Q: To help my sales effort, I want to add information that these policies work and claims are being paid. Can you provide information to accomplish that?
A: Claims information-, the fact that these policies work, is a powerful weapon to overcome consumer denial. Statistics can help make the case.
For information to tell this positive story, I turned to Chris Perna, president of MedAmerica Insurance Company. “Long term care insurance helps to preserve one’s lifestyle during an emotionally difficult time when this care is needed,” Perna said. “It helps normalize their lives by providing essential services, support and guidance.”
Perna emphasized the value of care-planning services and suggested using real-life stories to illustrate how policyholders receive compassionate support during an LTC crisis. These personal accounts help sell the prospect and make the statistics more impactful. He also suggested sharing the “unexpected” value they can receive from the insurance. For example, MedAmerica received a thank-you letter from a claimant’s son. His father, age 86, was receiving home health care and the care advisor designed a care plan that enabled the claimant to continue some involvement in the family business despite his loss of physical independence. To find real-life stories, Perna suggested visiting the AHIP and AALTCI Web sites.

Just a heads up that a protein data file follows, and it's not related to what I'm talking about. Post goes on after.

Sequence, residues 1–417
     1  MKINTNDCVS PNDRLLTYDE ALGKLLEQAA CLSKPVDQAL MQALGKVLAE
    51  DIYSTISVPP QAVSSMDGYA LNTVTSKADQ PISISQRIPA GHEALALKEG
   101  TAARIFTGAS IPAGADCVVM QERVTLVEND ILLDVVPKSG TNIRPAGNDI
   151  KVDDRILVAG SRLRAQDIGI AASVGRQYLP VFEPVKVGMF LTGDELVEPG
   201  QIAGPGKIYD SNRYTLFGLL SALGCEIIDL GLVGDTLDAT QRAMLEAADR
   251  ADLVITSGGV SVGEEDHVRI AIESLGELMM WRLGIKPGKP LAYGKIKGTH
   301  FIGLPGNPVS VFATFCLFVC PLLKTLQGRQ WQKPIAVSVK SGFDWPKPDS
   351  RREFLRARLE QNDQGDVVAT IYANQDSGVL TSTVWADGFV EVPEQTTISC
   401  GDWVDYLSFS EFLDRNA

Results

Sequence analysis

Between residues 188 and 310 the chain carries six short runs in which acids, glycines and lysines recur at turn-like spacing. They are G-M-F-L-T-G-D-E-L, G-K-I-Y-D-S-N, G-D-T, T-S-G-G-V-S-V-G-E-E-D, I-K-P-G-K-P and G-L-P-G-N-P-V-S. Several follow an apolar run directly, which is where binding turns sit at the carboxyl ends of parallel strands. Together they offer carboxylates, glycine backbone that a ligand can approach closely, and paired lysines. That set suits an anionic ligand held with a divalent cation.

Here are some helpful statistics to tell the claims story:
- There were 180,000 claimants who received an estimated $8.5 billion in benefits last year.
- Home care had the largest percentage of claims–42%.
- Nursing home claims were second– 30.5%. This was followed by assisted living–$27.5%.
- The largest individual LTC claim (still being paid) exceeds $1.2 million. Benefit payments for this policy have been made for over 10 years.
- Of new claims that were opened during 2008, 61% were for age 80 or over, while 9% were under age 70.
- According to one carrier, their youngest claimant for an individual policy is age 32; for a group policy, it’s age 23.
- Claim length by gender–female claims are generally longer. For example, an average female Alzheimer’s claim is about 20% longer than an average male Alzheimer’s claim.
- According to the Alzheimer’s Association, the average length of care for Alzheimer’s patients is 8 years.
Source: American Association for Long-Term Care Insurance 2009 LTCI Sourcebook